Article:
The most difficult part of the year was going down the fertility road as someone with a risky condition who has a dominant gene with a 50/50 chance of passing it on. I’ve always wanted to undergo genetic testing via IVF to prevent my condition from being passed on. Sadly, I found out through genetic testing that they can’t test for my condition on embryos as I’m currently the only person in the world with my type of Stickler Syndrome. There are currently five types of Stickler Syndrome, and I am a new type that doesn’t match the existing types. It felt lonely to be someone with a rare condition to begin with but to be the only person with a certain type was a new type of loneliness. I’ve cried and agonised over decisions regarding children, and I’ve been so frustrated that no doctor can answer my questions because no doctor has ever heard of my condition. I feel like I am a doctor and a rare disease researcher at the same time I’m a librarian. There is also no research. I used my librarian-skills to search through medical databases and there is no research or evidence to assist me with my decision-making. I can only rely on a few research studies on Ehlers-Danlos Syndrome (which is my sister syndrome).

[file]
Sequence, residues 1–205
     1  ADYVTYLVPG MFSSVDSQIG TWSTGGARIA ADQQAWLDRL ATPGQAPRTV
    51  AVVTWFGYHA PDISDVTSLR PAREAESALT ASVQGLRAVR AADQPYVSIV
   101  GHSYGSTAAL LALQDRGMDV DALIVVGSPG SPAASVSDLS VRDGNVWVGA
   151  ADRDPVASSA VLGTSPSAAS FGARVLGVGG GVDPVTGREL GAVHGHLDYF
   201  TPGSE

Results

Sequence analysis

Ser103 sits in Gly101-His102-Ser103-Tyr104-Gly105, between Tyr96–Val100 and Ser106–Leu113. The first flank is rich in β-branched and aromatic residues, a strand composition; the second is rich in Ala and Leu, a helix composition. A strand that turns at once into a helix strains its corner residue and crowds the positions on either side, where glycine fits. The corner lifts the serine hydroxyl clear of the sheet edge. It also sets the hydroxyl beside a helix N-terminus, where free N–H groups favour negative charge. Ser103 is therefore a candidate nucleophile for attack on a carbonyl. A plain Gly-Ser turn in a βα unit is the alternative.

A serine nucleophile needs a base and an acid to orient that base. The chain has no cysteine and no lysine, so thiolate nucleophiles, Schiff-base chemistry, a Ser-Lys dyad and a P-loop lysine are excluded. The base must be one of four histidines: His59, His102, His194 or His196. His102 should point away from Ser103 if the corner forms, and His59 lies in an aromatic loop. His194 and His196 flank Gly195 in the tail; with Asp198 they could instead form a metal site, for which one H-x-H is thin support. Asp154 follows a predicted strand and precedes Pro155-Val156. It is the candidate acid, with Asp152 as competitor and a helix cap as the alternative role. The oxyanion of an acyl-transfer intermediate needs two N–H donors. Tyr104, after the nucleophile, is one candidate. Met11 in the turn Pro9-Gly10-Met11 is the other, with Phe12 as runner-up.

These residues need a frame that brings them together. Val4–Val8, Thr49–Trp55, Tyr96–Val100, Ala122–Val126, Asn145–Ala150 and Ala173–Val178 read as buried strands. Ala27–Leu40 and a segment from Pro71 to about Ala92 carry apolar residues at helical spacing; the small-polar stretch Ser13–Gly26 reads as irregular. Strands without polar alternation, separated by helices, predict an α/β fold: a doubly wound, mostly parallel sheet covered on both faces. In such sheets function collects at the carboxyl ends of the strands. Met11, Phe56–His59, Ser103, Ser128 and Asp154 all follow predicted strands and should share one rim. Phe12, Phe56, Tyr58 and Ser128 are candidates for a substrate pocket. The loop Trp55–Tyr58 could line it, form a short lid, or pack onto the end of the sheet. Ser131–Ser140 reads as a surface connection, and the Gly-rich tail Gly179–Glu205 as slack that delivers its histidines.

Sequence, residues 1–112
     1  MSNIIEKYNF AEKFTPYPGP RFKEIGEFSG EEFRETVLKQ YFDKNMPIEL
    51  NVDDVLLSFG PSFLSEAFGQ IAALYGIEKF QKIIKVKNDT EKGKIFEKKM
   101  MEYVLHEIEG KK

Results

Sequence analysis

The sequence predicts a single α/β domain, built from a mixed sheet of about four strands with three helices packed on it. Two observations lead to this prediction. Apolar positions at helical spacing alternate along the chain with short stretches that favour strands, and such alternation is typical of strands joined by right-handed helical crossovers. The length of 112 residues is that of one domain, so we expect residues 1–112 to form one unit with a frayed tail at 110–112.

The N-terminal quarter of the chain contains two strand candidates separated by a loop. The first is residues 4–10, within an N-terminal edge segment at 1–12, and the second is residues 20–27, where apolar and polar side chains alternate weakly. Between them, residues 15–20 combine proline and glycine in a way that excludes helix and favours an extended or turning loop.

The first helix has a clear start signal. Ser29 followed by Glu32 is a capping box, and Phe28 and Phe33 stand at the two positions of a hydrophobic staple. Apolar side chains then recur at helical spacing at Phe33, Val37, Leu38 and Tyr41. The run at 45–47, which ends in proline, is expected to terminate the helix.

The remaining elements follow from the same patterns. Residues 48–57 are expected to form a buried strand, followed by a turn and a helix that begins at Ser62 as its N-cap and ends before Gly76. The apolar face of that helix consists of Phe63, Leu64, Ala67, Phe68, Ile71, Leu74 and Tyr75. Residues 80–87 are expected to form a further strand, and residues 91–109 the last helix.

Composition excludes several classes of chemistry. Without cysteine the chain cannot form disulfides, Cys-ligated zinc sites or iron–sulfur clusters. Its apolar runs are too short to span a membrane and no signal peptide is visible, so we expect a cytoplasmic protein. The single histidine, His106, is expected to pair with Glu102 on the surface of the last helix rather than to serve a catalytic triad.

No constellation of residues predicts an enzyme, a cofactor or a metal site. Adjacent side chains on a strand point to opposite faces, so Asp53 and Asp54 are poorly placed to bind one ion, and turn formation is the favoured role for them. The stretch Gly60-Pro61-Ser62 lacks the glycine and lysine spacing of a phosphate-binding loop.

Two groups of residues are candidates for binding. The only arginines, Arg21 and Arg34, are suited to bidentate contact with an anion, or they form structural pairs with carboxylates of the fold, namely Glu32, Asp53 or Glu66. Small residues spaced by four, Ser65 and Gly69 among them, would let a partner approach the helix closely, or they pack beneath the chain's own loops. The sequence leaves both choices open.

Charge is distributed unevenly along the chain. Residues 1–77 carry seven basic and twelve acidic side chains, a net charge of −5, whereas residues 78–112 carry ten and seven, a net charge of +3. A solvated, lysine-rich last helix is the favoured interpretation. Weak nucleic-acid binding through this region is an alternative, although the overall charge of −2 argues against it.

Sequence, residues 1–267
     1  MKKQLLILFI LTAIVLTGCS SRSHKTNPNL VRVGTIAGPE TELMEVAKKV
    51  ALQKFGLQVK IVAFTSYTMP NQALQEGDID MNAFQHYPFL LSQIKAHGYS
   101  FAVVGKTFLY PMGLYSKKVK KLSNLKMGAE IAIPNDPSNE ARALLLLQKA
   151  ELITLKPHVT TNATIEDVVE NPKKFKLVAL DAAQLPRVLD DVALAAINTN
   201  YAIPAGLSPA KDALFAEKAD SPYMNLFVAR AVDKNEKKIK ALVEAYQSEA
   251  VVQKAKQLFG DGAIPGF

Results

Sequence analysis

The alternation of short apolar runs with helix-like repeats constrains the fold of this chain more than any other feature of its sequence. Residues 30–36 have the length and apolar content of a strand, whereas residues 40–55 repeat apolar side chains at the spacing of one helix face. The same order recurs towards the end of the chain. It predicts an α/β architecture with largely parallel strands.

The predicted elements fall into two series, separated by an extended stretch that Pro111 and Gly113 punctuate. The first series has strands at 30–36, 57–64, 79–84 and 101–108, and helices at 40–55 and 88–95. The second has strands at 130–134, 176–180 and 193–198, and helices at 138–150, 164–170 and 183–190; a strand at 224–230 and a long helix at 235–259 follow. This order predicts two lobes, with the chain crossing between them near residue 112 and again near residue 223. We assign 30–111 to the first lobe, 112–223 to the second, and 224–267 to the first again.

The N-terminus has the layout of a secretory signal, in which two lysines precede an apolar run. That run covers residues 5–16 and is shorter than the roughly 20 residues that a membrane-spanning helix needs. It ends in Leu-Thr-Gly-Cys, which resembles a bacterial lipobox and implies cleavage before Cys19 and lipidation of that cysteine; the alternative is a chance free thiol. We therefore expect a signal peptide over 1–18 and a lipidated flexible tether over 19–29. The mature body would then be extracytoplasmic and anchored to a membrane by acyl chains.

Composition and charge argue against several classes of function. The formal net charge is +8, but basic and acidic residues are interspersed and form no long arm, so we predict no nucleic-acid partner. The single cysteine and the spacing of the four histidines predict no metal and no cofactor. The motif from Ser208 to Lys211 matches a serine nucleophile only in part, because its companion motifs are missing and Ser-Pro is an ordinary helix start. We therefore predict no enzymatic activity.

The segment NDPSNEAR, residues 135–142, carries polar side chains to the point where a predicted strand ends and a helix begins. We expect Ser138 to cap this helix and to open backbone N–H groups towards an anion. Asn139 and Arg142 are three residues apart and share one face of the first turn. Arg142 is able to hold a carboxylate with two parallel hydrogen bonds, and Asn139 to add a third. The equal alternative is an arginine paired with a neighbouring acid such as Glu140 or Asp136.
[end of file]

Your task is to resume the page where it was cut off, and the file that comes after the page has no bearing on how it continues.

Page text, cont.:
I am medically burn-out and have cried a lot and have really appreciated the people who have cried with me and supported me through this. For 2023, I’ve volunteered to be a patient in a NHRMC-funded grant led by the University of Adelaide and my only consolidation is that although I might struggle to find answers, I can contribute to research so other people won’t have to endure the same barriers that I’ve faced.

Looking Forward

The best years often have so many good moments and so many bad ones, and 2022 was that. It was truly vibrant and one that I’ll remember for a long time. I look forward to continuing my work on open education and inclusion. I’m still hoping for a full-time permanent position in libraries as I’ve been only part-time permanent and/or contracted for my whole career in the LIS sector. Above all, I’m looking at travelling to Scandinavia and connecting with my family and culture on the other side of the world.

Thank You!

To end this lengthy rambling reflection, I wanted to thank you. Thanks to everyone who reads this blog and who sends me letters, emails, and messages on social media. They mean so much and I am blown away by your kindness.

Thank you to the people who have nominated me for awards, offered me opportunities and have mentored me professionally and supported me personally. I am so grateful for you all, and I wish you all a vibrant, amazing 2023.

Feature image from Pexels used under CC0 licence.